Mowbray believes that Albion, who have scored 99 goals this season, are playing in an expansive and technically accomplished fashion which is better equipped for Premier League football than the helter-skelter skirmishing that characterises much Championship action.
Tomorrow's match may offer further confirmation of his hunch, but Albion know they must still win their games in hand in the Championship, fixtures which will crowd in in the Wembley aftermath should the result go against them.
Mowbray fits into a broader football pattern in being a player whose primary accomplishments were toughness and spirit who now, as a manager, seeks to create sides in which skill and flair are predominant. It is a philosophy he employed at Hibernian, whom he steered to two top-four places in succession.
Such was the fluent style of Albion's 1954 Cup-winning side, who narrowly missed the League title in the same year, that they earned the nickname "Team of the Century". Mowbray, a craggy centre-back whose qualities are still celebrated in his home town of Middlesbrough, where he spent the first decade of his playing career, would fight shy of such hyperbole being linked with the side he has fashioned at Albion since arriving in October 2006.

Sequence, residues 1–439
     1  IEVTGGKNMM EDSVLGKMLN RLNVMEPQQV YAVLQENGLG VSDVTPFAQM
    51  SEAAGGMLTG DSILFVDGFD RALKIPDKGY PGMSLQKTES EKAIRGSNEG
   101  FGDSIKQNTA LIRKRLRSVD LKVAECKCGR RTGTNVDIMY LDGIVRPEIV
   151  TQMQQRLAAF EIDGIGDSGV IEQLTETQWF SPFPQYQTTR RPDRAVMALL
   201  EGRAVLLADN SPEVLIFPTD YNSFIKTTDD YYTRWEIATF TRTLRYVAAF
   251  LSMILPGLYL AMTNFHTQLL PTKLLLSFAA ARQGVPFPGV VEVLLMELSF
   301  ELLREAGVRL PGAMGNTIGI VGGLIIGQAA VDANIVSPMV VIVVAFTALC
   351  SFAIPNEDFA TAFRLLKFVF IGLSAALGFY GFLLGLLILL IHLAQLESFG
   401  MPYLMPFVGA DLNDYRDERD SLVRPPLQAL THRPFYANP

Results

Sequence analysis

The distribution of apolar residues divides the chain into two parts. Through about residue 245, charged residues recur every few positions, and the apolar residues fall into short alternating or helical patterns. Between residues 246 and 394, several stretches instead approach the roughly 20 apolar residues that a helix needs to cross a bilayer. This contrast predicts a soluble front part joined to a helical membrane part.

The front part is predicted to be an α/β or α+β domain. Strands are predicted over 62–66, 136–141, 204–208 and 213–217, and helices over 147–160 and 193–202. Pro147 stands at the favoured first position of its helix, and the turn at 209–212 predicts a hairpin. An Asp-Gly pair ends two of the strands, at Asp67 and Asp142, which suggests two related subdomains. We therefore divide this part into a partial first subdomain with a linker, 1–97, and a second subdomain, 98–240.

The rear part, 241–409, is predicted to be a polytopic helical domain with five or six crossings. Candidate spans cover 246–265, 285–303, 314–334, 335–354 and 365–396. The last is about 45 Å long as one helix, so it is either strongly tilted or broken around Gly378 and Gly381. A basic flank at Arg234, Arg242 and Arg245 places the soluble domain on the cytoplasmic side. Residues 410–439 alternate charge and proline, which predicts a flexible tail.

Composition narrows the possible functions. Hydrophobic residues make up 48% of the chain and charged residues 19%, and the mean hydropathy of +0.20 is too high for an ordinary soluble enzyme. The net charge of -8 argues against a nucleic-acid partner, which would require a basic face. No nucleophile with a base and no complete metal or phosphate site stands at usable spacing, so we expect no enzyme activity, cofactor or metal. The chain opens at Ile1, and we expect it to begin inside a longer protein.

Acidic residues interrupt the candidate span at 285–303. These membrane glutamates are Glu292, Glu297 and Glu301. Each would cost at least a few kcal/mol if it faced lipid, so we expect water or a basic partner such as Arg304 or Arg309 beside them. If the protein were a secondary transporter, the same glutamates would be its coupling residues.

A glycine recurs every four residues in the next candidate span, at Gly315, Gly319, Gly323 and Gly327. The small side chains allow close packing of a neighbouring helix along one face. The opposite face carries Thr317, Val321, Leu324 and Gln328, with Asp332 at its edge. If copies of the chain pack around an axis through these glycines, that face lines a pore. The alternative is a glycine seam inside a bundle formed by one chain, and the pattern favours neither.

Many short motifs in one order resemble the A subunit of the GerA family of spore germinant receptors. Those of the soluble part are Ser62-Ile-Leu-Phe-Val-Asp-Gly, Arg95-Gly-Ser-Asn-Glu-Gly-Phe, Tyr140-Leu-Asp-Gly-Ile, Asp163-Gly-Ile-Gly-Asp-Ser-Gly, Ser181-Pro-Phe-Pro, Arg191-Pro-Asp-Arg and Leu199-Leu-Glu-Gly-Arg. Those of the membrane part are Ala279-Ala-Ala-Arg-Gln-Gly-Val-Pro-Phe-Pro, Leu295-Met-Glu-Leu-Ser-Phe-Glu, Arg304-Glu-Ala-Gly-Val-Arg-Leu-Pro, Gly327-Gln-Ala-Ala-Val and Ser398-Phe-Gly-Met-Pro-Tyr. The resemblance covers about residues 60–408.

But he makes passionately clear how he views the responsibilities of any team bearing his imprint, and what an opportunity now lies before the players under his charge.
As someone who supported Middlesbrough before he played for them, Mowbray was among the Boro faithful as they contested the 1997 FA Cup final. Although Middlesbrough lost, to Chelsea, he felt that a place at Wembley had given the fans something he side had never been able to offer.
Such tangible moments, he maintains, can consolidate teams in the memories of their fans, not to mention offering a link to those who brought about such success in the years that follow.
He mentions Bobby Hope, who is still working behind the scenes for Albion 40 years after playing a key part in their last FA Cup final win. "Bobby doesn't ram that win down our throats, but it's great to know that he was a part of that and that the players who shared the experience still keep in touch all this time later," Mowbray says.